The Darwin-drenched phrase “missing link” popped up again, this time in a story that claims humans got their faces from a fish.
- “Extraordinary ‘missing link’ fossil fish found in China” (PhysOrg).
- “Scientist hails ‘jaw-dropping’ fish fossil discovery” (BBC News).
- “Fish fossil suggests our skeleton evolved face first” (New Scientist).
OK, what’s up with that? It needs to be “spectacular” to be “news,” so reporters tend to make everything eye-grabbing with words like “extraordinary” and “jaw-dropping,” but this one by John Long (The Conversation) got a little over the top:
A spectacular new “missing link” fossil has been unearthed in China. The 419 million year old armoured fish, called Entelognathus, meaning “complete jaw” solves an age-old debate in science. For palaeontologists this fish is as big as finding the Higgs-Boson particle because of its immense significance to our understanding of early vertebrate evolution.
This is arguably one of the most exciting fossil discoveries in the past century since Archaeopteryx, the first fossil to bridge the gap between dinosaurs and birds.
After soaking the articles in an acid bath to dissolve away the hype, what is left? John Long’s Conversation piece seems largely a screed against creationists (“those minority groups within society who for some or other reason do not believe in evolution”), so we must look elsewhere for the data.
They’re calling it Entelognathus (“complete jaw”), and claiming it resolves an old debate whether placoderms were the ancestors of bony fish and cartilaginous fish. Its evolutionary value, though, is tempered with some upset: “This is an unexpected discovery that inverts schoolbook teaching on the evolution of bony skulls,” the BBC News said.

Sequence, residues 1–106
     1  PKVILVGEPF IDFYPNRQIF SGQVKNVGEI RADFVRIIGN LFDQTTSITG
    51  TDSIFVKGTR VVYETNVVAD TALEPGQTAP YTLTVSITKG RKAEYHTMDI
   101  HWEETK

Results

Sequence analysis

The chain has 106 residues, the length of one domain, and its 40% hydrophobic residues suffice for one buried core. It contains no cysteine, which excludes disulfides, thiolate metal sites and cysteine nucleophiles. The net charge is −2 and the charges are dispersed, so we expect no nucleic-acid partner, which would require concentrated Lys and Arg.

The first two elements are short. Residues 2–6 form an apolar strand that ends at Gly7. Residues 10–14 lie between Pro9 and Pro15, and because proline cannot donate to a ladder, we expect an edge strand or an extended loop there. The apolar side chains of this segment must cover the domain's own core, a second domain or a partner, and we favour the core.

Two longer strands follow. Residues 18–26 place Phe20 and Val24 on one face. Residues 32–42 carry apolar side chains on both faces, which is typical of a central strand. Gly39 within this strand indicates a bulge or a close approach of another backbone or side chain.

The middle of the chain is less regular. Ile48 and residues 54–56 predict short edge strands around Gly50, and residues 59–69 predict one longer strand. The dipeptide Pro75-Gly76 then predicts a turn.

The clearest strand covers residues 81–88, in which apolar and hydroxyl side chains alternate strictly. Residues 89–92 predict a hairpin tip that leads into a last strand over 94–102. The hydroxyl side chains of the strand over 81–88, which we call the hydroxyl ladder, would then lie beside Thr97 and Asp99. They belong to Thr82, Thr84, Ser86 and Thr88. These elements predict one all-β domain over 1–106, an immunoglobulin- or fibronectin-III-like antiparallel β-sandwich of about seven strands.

“Up until now it had been thought that the anatomical peculiarities of bony fishes — the group that would eventually give rise to human beings — are specialisations that arose later in vertebrate evolutionary history in our own bony fish lineage.”
“But now that narrative has been turned on its head.”
Under their own admission, they are talking about a narrative – not necessarily a fact of science. The value of an upside-down narrative looks dubious. John Long presented the impression of a virtually seamless fossil transitional sequence that makes the term “missing link” a misnomer. Why, then, did the BBC say this?
Scientists say that the evolution of jaws is one of the key episodes in the evolution of vertebrates, but the gap between jawed and jawless vertebrates is so large that it is hard to work out the individual evolutionary steps in the transition.
It appears that all Entelognathus shows is that some bony fish traits appeared in this placoderm, making their appearance earlier than expected. It does not say how an unguided process of mutations produced things as complex as multi-boned jaws, semicircular canals in the ears, and copulatory organs. Moreover, this fossil cannot explain the cartilaginous fish:
Dr Friedman says that the fossil adds weight to the theory that many classic bony fish features were evolved “very deep in our family tree, before bony fish split from sharks”.
“This means that we — as in bony fishes — are the ones who have held on to more ancient structures, while it is the sharks that have gone off and done something new and interesting in an evolutionary sense.
In other words, the expectation that placoderms were “primitive” has been deflated (see New Scientist). In addition, sharks and rays can not be considered primitive, either. So now, evolutionists have two problems when there were one: (1) how Entelognathus got “many classic bony fish features” by mutations and selection, and (2) how sharks did something “new and interesting in an evolutionary sense” (if one pardons the oxymoron). “It challenges the way we think about the evolution of modern skeletons,” New Scientist says.
“The work further reshuffles the deep identities of living groups, revising the deep tree of modern vertebrate groups – including our own remote ancestry,” says Michael Coates at the University of Chicago.